Water Main Flushing
Tacoma Water regularly flushes the pipes in our water system to remove rust and sediment, which helps ensure you receive clean, reliable water. Flushing forces high-velocity flows through the pipes and out through fire hydrants. Along with scouring the inside of water mains, this also helps us find and repair malfunctioning valves and hydrants before they cause problems.
- What to Expect During Flushing
- A few weeks before systematic flushing begins in your neighborhood, we will mail a notice to alert you.
- Several days in advance of flushing, crews will place high visibility signs at major intersections leading into your neighborhood as well as in the immediate flushing area. Crews will relocate these signs each day as work progresses.
- During flushing, you might see utility crews working at hydrants and valves in intersections and at the end of cul-de-sacs.
- Your water pressure may decrease during flushing.
- Rust and sediment stirred up during flushing will likely discolor your water. This is temporary, not harmful and should clear up quickly.
- Try to not run the tap or turn on appliances that use water, such as dishwashers and clothes washers, when flushing is going on in your area.
- If you do get discolored water or find sediment in your water, remove any aerators from your faucets and run the cold tap for a few minutes.
- Make sure your first load of laundry after flushing is dark clothes only.
See our Water Flushing Map to find out where we are currently flushing our system.
If you have questions during normal business hours about our flushing programs, or if your water does not clear up within a short time after flushing is completed, please contact our Water Quality Section at (253) 502-8207 or email@example.com.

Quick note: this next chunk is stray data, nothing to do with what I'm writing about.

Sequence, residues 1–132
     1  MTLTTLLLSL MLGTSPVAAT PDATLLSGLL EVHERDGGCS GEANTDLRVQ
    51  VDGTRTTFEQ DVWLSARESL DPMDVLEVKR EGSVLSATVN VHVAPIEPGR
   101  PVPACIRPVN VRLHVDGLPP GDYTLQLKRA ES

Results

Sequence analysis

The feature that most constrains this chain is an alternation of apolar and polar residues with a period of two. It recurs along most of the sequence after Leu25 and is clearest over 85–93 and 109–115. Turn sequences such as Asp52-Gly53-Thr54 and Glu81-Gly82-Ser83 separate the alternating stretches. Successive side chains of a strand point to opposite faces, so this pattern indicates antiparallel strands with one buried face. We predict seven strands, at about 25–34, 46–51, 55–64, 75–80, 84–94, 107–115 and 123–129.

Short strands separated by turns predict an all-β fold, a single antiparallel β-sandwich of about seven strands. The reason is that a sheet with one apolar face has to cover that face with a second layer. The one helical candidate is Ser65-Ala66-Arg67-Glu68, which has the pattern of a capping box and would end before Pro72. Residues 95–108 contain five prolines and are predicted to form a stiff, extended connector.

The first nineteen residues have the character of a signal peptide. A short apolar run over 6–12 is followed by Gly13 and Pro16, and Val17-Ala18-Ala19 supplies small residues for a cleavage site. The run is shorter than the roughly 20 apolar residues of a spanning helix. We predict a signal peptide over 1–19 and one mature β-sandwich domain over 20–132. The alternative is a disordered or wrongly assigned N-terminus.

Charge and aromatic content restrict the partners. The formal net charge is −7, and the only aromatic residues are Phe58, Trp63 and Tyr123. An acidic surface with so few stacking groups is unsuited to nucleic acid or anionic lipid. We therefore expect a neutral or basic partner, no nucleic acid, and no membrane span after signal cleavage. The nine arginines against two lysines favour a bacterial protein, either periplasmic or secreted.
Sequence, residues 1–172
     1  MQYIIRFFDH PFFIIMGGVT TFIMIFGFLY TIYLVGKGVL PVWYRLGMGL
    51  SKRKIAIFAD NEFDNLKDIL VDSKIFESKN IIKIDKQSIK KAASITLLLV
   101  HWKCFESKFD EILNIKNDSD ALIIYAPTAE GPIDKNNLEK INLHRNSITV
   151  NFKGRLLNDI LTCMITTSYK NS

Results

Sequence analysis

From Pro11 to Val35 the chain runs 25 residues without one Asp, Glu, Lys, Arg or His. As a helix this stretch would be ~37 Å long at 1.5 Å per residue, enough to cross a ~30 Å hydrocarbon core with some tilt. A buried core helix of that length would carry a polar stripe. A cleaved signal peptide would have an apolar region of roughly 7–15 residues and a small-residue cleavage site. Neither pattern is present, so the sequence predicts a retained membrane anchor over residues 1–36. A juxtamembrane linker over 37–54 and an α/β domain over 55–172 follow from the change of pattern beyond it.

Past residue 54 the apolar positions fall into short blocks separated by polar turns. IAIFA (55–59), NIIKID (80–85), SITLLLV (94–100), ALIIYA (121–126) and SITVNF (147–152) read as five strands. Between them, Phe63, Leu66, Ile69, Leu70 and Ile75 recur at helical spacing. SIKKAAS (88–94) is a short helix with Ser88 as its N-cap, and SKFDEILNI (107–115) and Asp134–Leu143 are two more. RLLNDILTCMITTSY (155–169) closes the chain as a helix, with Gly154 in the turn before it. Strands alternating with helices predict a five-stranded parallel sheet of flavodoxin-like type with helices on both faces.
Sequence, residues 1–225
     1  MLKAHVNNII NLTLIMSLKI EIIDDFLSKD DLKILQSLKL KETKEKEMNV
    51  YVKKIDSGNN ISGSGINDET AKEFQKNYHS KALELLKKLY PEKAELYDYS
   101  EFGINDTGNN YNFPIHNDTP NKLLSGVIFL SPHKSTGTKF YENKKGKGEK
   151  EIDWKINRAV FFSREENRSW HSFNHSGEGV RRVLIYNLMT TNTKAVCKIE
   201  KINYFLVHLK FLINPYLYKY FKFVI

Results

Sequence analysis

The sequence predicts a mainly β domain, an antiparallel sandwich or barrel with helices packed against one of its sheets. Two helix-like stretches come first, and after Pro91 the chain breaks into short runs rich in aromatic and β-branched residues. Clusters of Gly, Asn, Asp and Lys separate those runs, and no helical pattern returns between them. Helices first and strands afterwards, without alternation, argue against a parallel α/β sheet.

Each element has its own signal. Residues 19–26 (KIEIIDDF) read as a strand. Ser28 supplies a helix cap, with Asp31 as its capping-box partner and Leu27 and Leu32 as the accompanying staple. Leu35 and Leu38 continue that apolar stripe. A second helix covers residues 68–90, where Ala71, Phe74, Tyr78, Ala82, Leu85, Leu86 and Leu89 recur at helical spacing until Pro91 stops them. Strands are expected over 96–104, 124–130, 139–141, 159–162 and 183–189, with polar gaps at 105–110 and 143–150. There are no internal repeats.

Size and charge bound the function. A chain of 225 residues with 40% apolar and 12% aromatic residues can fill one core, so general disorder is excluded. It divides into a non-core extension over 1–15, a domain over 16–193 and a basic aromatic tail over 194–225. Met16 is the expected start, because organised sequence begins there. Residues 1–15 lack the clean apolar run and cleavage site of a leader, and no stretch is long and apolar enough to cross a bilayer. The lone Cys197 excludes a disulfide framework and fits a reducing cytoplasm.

After business hours, call the Water Emergency Control Center at (253) 502-8344.
- How Flushing Works
We perform two types of flushing operations: systematic flushing (also known as unidirectional flushing) and dead-end flushing. Both are critical to ensuring you receive clean, safe and reliable water service. Flushing also complements our existing water testing and preventive maintenance programs.
Additionally, data is collected during the flushing process to confirm the condition of the water and capacity to meet fire flow requirements.
During the systematic flushing process, crews will be opening and closing street isolation valves, working at fire hydrants, in street intersections and at the end of cul-de-sacs. Crews will isolate sections of the water system and open fire hydrants and blow-offs to create high velocity flows in the water mains to remove sediment and corrosion from the bottom of the water main.
During the dead-end flushing process, we flush water from a fire hydrant or a dead-end blow-off connection. The aim is to refresh the water in less-used portions of the system where water, while still safe, can become stale. You are unlikely to experience any adverse effects from dead-end flushing operations.